It was cold on Halloween night, with temperatures dipping below freezing and darkness closing in before kickoff. There weren’t many in attendance at the Vineyard football team’s home game against Bourne.

But the hardy few who were there saw a bit of Vineyard history when junior Jacob Cardoza broke Albie Robinson’s 22-year-old single season record for receiving yards. In 1992, Robinson closed his season with 576 yards. Cardoza picked up 106 receiving yards against Bourne, moving to 610 on the season. He now has 723; the record has shattered.

Jacob Cardoza outpaces Bourne for another touchdown; he recently broke Albie Robinson's 1992 record for most receiving yards. — Ivy Ashe

When Cardoza caught his record-breaking pass in the Bourne game, the guy who threw it, in his own words, “freaked out.” That would be senior quarterback Mike Mussell, who has been on the other end of all but one of Cardoza’s receptions. In the previous week’s game, they connected on an 85-yard touchdown pass, a school record.

Mussell himself is two touchdown passes short of tying another 1992 record — Jason Dyer’s 23 touchdown passes — and needs just 48 passing yards to take the top spot for single-season passing yards.

They make a formidable combination: Mussell’s strong arm matched with Cardoza’s athleticism and speed off the line of scrimmage.

Over the course of a conversation with the two, it becomes evident how much respect they have for each other as players. It was Mussell who first told Cardoza that he was on track to break Robinson’s record. “Then the next two games he got 300 yards combined,” Mussell said.

Asked about the shift away from the run game this year, Cardoza noted that the Vineyard has “never really been a passing offense. Besides Mikey, because he’s a beast.”

Quarterback Mike Mussell makes a pass against Brighton. — Ivy Ashe

Cardoza started playing football in 6th grade; Mussell began in 7th grade. They are both three-year starters on the varsity squad, and had to adapt early to the faster pace of the game. But they’re both baseball players first and foremost, making the football success stand out all the more.

Mussell saw a bit of varsity time as a freshman, playing safety, and became a starter as a sophomore, the year he became backup quarterback. He started four games at quarterback as a junior before a fractured thumb ended his season.

Cardoza hadn’t even finished up the first month of his freshman year at the high school when he jumped from junior varsity to the varsity team. Injuries were wreaking havoc on the squad, and a senior safety had broken his collarbone. Cardoza got called up.

It is uncommon to bring up a freshman, head coach Donald Herman said, estimating that prior to Cardoza’s jump the last time it happened was in 1994.

“It’s needs-based,” Coach Herman said. “And if they’re able to handle it, we keep them.”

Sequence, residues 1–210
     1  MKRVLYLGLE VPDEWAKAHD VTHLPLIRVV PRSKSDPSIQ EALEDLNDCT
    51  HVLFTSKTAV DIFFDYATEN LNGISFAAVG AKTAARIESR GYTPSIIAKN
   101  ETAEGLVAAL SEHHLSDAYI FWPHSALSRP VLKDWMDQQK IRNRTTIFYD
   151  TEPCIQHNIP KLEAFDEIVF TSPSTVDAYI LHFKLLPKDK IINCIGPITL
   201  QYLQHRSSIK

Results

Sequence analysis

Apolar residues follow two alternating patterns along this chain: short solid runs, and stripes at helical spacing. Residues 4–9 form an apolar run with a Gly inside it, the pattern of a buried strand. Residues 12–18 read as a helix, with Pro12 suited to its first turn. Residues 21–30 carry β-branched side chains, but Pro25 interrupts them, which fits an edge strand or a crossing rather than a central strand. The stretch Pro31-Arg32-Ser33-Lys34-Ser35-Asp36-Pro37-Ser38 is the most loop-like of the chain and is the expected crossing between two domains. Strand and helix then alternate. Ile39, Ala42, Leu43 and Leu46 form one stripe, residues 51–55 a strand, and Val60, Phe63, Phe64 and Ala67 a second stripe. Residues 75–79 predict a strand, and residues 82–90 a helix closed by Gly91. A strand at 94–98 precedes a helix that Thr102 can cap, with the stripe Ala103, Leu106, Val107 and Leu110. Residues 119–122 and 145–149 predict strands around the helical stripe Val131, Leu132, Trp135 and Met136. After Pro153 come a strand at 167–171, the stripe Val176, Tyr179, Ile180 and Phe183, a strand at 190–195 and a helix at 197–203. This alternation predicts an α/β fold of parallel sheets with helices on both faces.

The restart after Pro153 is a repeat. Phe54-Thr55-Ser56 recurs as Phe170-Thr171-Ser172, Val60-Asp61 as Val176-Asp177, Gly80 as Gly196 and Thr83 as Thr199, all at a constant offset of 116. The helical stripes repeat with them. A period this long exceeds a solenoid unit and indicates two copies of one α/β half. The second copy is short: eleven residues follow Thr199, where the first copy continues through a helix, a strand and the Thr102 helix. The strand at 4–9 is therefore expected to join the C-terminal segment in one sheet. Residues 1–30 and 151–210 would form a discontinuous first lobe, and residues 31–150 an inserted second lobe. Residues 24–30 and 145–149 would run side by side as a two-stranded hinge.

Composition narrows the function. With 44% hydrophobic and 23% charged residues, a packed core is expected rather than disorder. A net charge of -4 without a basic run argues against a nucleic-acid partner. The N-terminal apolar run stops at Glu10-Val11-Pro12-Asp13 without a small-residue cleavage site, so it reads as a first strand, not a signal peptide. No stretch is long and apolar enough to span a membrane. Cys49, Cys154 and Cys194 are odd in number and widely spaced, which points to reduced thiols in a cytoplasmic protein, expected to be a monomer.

Cardoza handled it. Ultimately, the early call helped his overall game, particularly in his receiver role. He is still a force at safety, with 18 solo tackles and 47 assists this year.

“Playing with the older guys was definitely a big help,” he said.

Last year Mussell, as a junior quarterback, found that he too had to rise to the occasion.

“You’re kind of like a captain, even though you don’t have the captain title,” he said. “You still have to be a leader.” After he fractured his thumb, he played one game as split end, but then was sidelined. Mussell said he initially was unsure what to do to help his team.

“From a leadership standpoint, I thought my season was over,” he said. “But then I realized I can still contribute and I can work with Tony [Breth, who stepped in] the whole season to get him ready, so I still felt like a big part of the team.”

Still, it was a welcome change to be injury-free at the start of this season. With overall numbers down this year, the Vineyard needed all the healthy players it could get.

This year’s team, Mussell said, is a resilient one. “We started out 0 and 4, and then we were 1 and 5. We were in a lot of those games, and we didn’t get down on ourselves.”

The team now has a 5 and 5 record, and the focus is on Saturday.

“We’re just going to give it our all,” Mussell said.

Both Cardoza and Mussell know what it’s like to play Nantucket before a home crowd, and their experience will be a boon to the Vineyard team. They smiled as they remembered that last home Island Cup match, when the Vineyard won in the final seconds. It was awesome, they said. Close, intense. The best game.

“For me, I was a freshman starting defense,” Cardoza said. “I had a lot of weight on my shoulders, I guess. I just tried to think of it as a regular game.”

“You don’t want to go in thinking you have to do too much,” Mussell said. “You just want to think of it as another game. Do your job, execute, and then the rest will take care of itself.

“There’s no better place than Martha’s Vineyard to play football this time of year,” he said.

An earlier version of this story reported that Mike Mussell played one game at safety after injuring his thumb. Mussell played at split end.